Google Tag Manager is a powerful tracking tool with an extensive list of capabilities. While GTM’s flexibility is one of its most appealing benefits, proper setup comes with a learning curve. We audit our clients’ conversion setup as part of our digital marketing services. In those audits, we found three common mistakes in Google Tag Manager you should avoid.
1. Including both GTM and GA4 codes on a website
If you are using Google Tag Manager to send events to GA4, you don’t need to add the Google Tag (gtag.js) from your GA4 account to your website’s code to track data. This can create duplicate page view events and inflate your reports.
Instead, you only need to install your Google Tag Manager code (or plugin) on the backend of your website. From there, create a GA4 configuration tag in GTM using the measurement ID from your GA4 account. The trigger for the GA4 configuration tag should be “All Page Views.”
Once you have your GA4 configuration tag set up, you can reuse that same tag as you create new GA4 events. As long as you are sending events to the same GA4 account, you do not need to create additional GA4 configurations for new events; you can choose the one you already set up from the dropdown menu.
2. Misuse of Click URL vs Page URL
When Page URL and Click URL are misused, conversion counts are often much higher or lower than you expect them to be. Page URL and Click URL are variables you can use to tell GTM when to trigger an event. They are especially useful when you want to track certain clicks, for example a “contact” button. But what is the difference between Page URL and Click URL?
- Page URL is the URL of the page a user is currently viewing when they engage with something.
- Click URL is the URL of a button or link that someone clicks on.
Here’s an example:
Let’s say a website’s product page is example.com/products, and you want to know when a user clicks a button to contact you. The link embedded in your “contact” button might be something like example.com/contact.
If I am on the products page and I click the contact button, the Click URL would be example.com/contact. The Page URL is the page I am viewing when I click this button, which is example.com/products. To fire an event when someone clicks on the contact button, I would create a click trigger that fires only on clicks when the Click URL is example.com/contact. (Note–this trigger would fire on any contact button on the website that points to this URL, not just the product page. Limiting events to only fire on a certain page is possible, but we won’t cover that here.)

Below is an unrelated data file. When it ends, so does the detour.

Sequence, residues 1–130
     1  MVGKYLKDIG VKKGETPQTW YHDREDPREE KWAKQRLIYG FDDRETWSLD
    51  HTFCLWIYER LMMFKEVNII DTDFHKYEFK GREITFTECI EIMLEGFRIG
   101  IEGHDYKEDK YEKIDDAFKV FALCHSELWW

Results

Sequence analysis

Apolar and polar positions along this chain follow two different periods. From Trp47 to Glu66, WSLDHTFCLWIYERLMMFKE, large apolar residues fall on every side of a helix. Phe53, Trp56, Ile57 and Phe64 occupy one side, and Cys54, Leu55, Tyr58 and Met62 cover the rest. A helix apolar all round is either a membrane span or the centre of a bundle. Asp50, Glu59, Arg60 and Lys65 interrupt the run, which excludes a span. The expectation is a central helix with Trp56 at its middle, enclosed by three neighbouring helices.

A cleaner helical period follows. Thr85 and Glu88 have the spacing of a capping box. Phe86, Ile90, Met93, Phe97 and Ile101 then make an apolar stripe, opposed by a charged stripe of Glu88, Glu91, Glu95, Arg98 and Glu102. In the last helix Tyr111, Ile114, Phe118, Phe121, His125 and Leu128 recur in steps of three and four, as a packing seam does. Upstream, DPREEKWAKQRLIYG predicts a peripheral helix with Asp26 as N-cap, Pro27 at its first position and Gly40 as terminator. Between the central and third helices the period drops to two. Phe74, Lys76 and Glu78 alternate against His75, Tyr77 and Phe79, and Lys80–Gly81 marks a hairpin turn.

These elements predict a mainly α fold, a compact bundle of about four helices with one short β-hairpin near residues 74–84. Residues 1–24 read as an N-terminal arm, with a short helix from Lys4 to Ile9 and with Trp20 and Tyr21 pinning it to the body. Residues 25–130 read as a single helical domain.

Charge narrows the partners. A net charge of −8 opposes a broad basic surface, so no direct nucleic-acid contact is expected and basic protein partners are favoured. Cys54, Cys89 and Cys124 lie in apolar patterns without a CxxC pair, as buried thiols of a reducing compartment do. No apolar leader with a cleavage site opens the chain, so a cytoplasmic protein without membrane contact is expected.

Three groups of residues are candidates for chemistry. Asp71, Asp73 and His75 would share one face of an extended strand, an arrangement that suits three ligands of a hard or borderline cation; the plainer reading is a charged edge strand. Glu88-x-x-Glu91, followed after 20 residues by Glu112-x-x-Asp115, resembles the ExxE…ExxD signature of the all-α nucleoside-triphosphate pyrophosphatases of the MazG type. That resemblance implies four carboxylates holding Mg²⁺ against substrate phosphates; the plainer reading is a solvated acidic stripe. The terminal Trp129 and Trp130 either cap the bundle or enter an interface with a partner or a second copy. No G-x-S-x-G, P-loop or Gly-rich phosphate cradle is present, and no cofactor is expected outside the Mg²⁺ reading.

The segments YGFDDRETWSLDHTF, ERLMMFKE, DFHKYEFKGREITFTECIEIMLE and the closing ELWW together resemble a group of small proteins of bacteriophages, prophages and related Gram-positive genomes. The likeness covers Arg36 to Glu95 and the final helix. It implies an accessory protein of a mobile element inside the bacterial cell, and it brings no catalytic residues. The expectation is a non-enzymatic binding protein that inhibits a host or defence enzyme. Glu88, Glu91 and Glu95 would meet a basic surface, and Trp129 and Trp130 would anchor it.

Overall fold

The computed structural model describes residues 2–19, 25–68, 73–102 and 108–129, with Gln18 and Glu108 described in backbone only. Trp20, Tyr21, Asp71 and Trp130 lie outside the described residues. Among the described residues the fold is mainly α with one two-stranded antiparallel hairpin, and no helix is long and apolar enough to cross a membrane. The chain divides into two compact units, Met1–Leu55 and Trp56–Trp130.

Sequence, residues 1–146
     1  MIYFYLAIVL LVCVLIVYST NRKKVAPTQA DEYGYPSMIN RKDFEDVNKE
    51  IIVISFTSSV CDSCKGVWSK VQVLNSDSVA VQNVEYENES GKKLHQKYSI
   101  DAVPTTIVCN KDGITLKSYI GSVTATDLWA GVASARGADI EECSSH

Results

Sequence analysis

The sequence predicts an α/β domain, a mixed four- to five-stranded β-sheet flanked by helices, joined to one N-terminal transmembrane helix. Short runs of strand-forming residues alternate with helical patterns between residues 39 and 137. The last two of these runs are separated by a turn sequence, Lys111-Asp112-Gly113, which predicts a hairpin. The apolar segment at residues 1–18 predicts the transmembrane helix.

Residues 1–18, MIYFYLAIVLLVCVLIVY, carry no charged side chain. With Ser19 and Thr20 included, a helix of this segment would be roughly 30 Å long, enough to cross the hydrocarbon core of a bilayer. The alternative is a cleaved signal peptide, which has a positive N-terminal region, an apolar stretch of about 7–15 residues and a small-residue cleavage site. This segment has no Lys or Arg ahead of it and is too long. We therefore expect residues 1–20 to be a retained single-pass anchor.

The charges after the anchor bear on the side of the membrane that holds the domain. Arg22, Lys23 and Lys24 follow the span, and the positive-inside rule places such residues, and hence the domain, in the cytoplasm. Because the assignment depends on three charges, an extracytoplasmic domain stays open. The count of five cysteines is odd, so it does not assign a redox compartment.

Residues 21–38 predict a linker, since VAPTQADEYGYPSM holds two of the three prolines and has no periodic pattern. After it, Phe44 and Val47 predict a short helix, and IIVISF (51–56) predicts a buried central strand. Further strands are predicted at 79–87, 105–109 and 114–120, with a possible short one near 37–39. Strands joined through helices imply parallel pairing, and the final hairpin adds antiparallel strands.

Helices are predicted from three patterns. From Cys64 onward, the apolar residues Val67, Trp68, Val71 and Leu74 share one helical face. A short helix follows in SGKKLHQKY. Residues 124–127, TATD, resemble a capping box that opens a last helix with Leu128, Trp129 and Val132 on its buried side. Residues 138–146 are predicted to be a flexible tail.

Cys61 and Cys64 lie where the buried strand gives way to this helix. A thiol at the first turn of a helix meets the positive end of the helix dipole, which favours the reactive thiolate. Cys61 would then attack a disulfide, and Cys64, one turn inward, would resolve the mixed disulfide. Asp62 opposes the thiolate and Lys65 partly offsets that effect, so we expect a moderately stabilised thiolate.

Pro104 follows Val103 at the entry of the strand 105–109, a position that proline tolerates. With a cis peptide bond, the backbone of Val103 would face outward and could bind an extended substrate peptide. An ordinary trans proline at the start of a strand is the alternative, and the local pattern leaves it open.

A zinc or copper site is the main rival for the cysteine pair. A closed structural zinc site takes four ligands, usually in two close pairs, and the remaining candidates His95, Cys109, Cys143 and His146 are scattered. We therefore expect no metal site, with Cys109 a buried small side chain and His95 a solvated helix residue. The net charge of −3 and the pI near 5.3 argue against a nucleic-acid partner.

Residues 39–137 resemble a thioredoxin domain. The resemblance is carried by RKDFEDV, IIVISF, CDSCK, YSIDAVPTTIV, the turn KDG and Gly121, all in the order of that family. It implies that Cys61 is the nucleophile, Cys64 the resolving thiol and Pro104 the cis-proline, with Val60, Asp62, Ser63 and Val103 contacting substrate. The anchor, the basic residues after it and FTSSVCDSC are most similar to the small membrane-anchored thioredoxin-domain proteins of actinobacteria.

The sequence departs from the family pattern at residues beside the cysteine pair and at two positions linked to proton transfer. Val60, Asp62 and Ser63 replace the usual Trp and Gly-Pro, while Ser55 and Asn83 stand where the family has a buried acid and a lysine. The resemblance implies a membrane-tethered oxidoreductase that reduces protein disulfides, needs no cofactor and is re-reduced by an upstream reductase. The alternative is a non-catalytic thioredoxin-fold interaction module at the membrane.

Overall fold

In many cases, we see that someone has mistakenly used the Page URL variable instead of Click URL. What happens in this case?
If I tell GTM to trigger an event when the Page URL is example.com/contact, that event will fire for any click that occurs on the contact page–not on clicks to the contact page. This is a very different event, as someone could be clicking back to the home page or the products page, and Google is sending events for contact page clicks.
3. Failing to test in Preview Mode, DeBug View, and Realtime Reports
Google Tag Manager’s Preview Mode and GA4’s testing features act as a safety net for the infinite things you can get wrong in tag setup. GTM is a robust tool, and even seasoned users are bound to make mistakes sometimes. Additionally, every website is different, so tag setups that are considered simple might not fire as expected. We’ve had many clients come to us with conversion tracking issues that could have been caught sooner or avoided altogether if the tags were thoroughly tested before they were published.
It is best practice to test new tags in all the tools that are available to you before publishing the tags. If tags don’t fire as expected, that’s a signal that you need to investigate further before publishing on blind faith and finding errors in your data days, weeks, or months later. Google Tag Manager’s Preview Mode is the best place to start, but it’s not always enough. GA4 offers Realtime Reports and DeBug View while Facebook offers the Meta Pixel Helper. Always check if the destination for your tag has a testing feature, and if it does, use it!
Are you struggling with Google Tag Manager and conversion tracking setup? We’re here to help. Contact us to schedule a free audit of your current conversions–we’ll check as many as we can in 30 minutes and send you a report of what we find.